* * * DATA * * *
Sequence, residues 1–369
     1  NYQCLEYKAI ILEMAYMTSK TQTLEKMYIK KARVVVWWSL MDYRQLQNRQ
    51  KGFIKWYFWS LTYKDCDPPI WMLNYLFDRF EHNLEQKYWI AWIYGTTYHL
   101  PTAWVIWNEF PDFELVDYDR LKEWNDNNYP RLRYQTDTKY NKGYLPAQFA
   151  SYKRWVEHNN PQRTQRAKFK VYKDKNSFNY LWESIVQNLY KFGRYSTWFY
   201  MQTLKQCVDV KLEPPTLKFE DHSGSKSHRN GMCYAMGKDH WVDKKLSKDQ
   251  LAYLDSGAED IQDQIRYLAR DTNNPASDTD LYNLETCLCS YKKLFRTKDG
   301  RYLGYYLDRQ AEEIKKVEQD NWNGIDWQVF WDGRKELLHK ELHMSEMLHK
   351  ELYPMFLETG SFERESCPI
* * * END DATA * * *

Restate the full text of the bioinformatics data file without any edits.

Sequence, residues 1–369
     1  NYQCLEYKAI ILEMAYMTSK TQTLEKMYIK KARVVVWWSL MDYRQLQNRQ
    51  KGFIKWYFWS LTYKDCDPPI WMLNYLFDRF EHNLEQKYWI AWIYGTTYHL
   101  PTAWVIWNEF PDFELVDYDR LKEWNDNNYP RLRYQTDTKY NKGYLPAQFA
   151  SYKRWVEHNN PQRTQRAKFK VYKDKNSFNY LWESIVQNLY KFGRYSTWFY
   201  MQTLKQCVDV KLEPPTLKFE DHSGSKSHRN GMCYAMGKDH WVDKKLSKDQ
   251  LAYLDSGAED IQDQIRYLAR DTNNPASDTD LYNLETCLCS YKKLFRTKDG
   301  RYLGYYLDRQ AEEIKKVEQD NWNGIDWQVF WDGRKELLHK ELHMSEMLHK
   351  ELYPMFLETG SFERESCPI